Accomack Circuit Court Indictments


By Nancy Drury Duncan – 

A plea agreement was reached between Danny Chris Rasmussen III, 35, of Mears, and the commonwealth. 

Rasmussen was charged with strangulation, abduction, and assault on a family member. According to the terms of the agreement, Rasmussen pleaded guilty to strangulation. In exchange, the charges of abduction and assault on a family member were dismissed. 

Rasmussen was sentenced to two years with all but 45 days suspended. He is ordered to be on supervised probation for three years and to be on good behavior for five years. 

On June 28, 2021, police were called to the home of Rasmussen’s estranged wife because he attacked her. Rasmussen had been drinking and was looking at the woman’s cellphone. He saw messages from a man and became furious, said Assistant Commonwealth’s Attorney Michael Baker. 

“He pushed her up against a wall and grabbed her by her throat, strangling her.” A short time later, he looked at her phone again and assaulted her again. This happened three times, Baker said. He said the woman had bruising on her neck and difficulty breathing. 

As the argument continued, Rasmussen took a clothesline and tied it to a doorknob to keep her in the room. “She got away,” Baker said. Afterwards, he said Rasmussen called his wife’s mother and told her he had “messed up” and tried to choke her. 

“He is a completely different man than he was that night,” said defense attorney Isabel Kaldenbach. 

Baker told the court he entered into the agreement because Rasmussen had been cooperative with his wife concerning visits with his children and because he was needed in a family business. According to the terms of the agreement Rasmussen will be allowed to serve his time on weekends. 


At his arraignment, Charles Anthony Gaskins Jr., 43, of New Church, entered a plea of not guilty to a charge of aggravated sexual battery of a victim under the age of 13. He asked to be tried by a jury. His trial is set for Sept. 22. 


Mark Emanuel Sharp, 45, of Melfa, was sentenced to be on good behavior for one year as a result of a January 2020 incident. 

A Virginia state trooper observed a speeding car. The officer attempted to make a traffic stop but the car did not immediately stop. The officer said Sharp was verbally abusive and acting erratically. 

He pleaded guilty to misdemeanor obstruction in a plea agreement with the commonwealth a year ago. The terms were that Sharp would be on probation for one year and adjudication of the felony eluding charge would be withheld. 

Sharp is a military veteran who was honorably discharged from service and suffers from PTSD, said Commonwealth’s Attorney Spencer Morgan. He said Sharp has been attending treatment at a Veteran’s Administration hospital and is now a mentor in that program. He said he wished to dismiss the felony eluding charge against Sharp.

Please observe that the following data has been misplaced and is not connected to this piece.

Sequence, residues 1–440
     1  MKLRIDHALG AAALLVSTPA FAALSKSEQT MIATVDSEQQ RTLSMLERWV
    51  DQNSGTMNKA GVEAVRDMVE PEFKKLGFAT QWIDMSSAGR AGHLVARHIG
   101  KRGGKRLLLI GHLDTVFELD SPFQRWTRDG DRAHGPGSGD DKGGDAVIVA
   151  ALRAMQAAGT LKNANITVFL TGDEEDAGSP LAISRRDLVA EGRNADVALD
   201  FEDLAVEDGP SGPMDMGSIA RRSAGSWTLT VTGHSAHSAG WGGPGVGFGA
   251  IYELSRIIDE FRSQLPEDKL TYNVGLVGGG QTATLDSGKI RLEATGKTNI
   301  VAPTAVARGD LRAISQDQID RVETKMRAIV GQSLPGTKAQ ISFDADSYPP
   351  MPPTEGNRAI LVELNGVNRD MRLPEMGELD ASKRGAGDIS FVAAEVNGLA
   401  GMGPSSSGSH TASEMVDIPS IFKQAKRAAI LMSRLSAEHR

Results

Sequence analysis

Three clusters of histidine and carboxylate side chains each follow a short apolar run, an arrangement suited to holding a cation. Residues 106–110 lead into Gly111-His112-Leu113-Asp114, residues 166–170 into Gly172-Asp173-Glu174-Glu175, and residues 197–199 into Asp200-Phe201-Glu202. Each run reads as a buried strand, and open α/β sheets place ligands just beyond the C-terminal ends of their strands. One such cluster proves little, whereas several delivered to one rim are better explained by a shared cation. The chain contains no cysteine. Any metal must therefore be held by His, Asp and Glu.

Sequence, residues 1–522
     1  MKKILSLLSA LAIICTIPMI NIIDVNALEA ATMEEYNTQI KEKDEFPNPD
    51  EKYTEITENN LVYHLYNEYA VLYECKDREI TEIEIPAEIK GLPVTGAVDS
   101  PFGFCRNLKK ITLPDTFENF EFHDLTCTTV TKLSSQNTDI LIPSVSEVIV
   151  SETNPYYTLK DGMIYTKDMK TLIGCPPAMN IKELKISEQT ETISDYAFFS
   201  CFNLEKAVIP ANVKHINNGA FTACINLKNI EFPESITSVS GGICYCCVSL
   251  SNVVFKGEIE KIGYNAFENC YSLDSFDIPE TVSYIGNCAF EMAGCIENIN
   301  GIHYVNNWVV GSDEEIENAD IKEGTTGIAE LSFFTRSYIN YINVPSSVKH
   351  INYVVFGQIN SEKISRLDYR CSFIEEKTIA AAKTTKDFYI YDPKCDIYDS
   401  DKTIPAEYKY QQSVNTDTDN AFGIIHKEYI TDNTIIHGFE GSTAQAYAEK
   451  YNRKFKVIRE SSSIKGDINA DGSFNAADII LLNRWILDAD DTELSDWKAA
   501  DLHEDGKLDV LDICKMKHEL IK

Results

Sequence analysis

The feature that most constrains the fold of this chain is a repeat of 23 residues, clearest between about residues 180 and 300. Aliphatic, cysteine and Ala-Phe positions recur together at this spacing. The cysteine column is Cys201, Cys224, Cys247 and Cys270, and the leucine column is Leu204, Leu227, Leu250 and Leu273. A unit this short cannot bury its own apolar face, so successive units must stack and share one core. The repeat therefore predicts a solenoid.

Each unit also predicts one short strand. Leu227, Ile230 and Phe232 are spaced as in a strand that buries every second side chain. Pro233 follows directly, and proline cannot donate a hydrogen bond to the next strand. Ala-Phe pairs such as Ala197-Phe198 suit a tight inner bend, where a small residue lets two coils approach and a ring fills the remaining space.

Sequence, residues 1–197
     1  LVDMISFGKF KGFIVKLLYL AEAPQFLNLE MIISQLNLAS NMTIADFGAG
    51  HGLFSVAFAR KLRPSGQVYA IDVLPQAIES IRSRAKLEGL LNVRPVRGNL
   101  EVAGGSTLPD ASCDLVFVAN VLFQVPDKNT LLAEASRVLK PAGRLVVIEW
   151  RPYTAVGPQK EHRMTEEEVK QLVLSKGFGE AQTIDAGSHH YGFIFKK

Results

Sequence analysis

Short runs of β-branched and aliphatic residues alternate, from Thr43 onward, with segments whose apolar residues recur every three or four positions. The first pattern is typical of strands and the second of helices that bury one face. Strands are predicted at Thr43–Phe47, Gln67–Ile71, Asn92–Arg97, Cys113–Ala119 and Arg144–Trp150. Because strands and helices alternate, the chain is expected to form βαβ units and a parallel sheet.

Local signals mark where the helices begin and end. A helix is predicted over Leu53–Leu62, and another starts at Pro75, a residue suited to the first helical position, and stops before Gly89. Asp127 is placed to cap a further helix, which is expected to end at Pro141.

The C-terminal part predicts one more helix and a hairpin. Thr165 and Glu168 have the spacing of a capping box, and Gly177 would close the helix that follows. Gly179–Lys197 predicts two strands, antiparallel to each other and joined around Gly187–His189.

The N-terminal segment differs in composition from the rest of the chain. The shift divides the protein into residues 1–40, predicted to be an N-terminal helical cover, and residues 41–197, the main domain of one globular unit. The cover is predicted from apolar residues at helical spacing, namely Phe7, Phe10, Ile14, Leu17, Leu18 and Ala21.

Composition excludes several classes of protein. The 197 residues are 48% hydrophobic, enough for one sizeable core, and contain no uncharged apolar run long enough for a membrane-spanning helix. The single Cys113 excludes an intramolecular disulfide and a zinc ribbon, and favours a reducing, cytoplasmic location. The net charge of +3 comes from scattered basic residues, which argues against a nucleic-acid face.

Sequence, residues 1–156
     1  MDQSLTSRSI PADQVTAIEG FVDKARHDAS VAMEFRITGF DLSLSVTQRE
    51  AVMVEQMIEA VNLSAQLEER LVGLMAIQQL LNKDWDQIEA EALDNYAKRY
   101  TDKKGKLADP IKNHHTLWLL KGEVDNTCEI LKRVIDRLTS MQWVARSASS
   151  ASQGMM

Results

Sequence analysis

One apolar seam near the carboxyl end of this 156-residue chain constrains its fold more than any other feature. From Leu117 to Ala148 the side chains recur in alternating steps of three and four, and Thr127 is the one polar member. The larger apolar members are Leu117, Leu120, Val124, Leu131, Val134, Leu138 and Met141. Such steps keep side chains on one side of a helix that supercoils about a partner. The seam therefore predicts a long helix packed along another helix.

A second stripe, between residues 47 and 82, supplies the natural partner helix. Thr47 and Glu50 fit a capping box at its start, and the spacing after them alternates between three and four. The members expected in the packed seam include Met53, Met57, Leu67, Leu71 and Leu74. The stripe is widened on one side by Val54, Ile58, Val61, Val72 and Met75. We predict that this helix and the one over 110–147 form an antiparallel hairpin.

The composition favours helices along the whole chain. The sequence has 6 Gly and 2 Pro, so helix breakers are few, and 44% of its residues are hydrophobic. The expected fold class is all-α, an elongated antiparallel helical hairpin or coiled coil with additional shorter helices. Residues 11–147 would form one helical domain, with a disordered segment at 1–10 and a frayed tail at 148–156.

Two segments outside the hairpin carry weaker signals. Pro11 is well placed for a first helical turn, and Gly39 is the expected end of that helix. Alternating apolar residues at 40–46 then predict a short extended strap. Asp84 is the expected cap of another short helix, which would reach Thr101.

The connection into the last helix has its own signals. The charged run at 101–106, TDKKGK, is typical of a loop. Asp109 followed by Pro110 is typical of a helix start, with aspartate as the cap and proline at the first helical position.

“Mr. Sharp has kept up his end of the agreement and has worked very hard,” he said. He asked for a suspended sentence for the misdemeanor conviction of obstruction. 

Substitute Judge William R. Savage III found Sharp guilty of misdemeanor obstruction, and dismissed the eluding charge. He ordered him to be on good behavior for a year. 


James Kirk Taylor, 43, of Greenbackville, pleaded guilty to four counts of shoplifting in a plea agreement with the commonwealth. He shoplifted from Food Lion stores in both Onley and Oak Hall and from Walmart in Onley. He is barred from all three of those stores forever, said Commonwealth’s Attorney Morgan. He was sentenced to three years on each charge to run concurrently, with all but nine months suspended on each. He will be on supervised probation for three years. 


Abraham Leonel Gomez, 29, of Washington, D.C, pleaded guilty to forgery and giving false information to a law enforcement officer in a plea agreement with the commonwealth. 

In 2019, a Chincoteague police officer issued a summons to Gomez for shoplifting at a Shore Stop, said Assistant Commonwealth’s Attorney Baker. He identified himself to police as Jose Diaz. That charge was later dismissed. He was also issued a summons as Jose Diaz in 1992. That charge was also dismissed. 

In 2019, a rape was reported on Chincoteague and a person who identified himself as Jose Diaz was arrested. In this case, the alleged victim left the area and that case was dismissed. After his release, fingerprints taken by the police revealed he had not used his true identity in those cases. 

This will be his first felony and he has accepted responsibility for what he had done, said Assistant Commonwealth’s Attorney Baker. As stated in the terms of the agreement, Gomez was sentenced to two years with all but seven months suspended. He will be on supervised probation for four years and must be on good behavior for five years.

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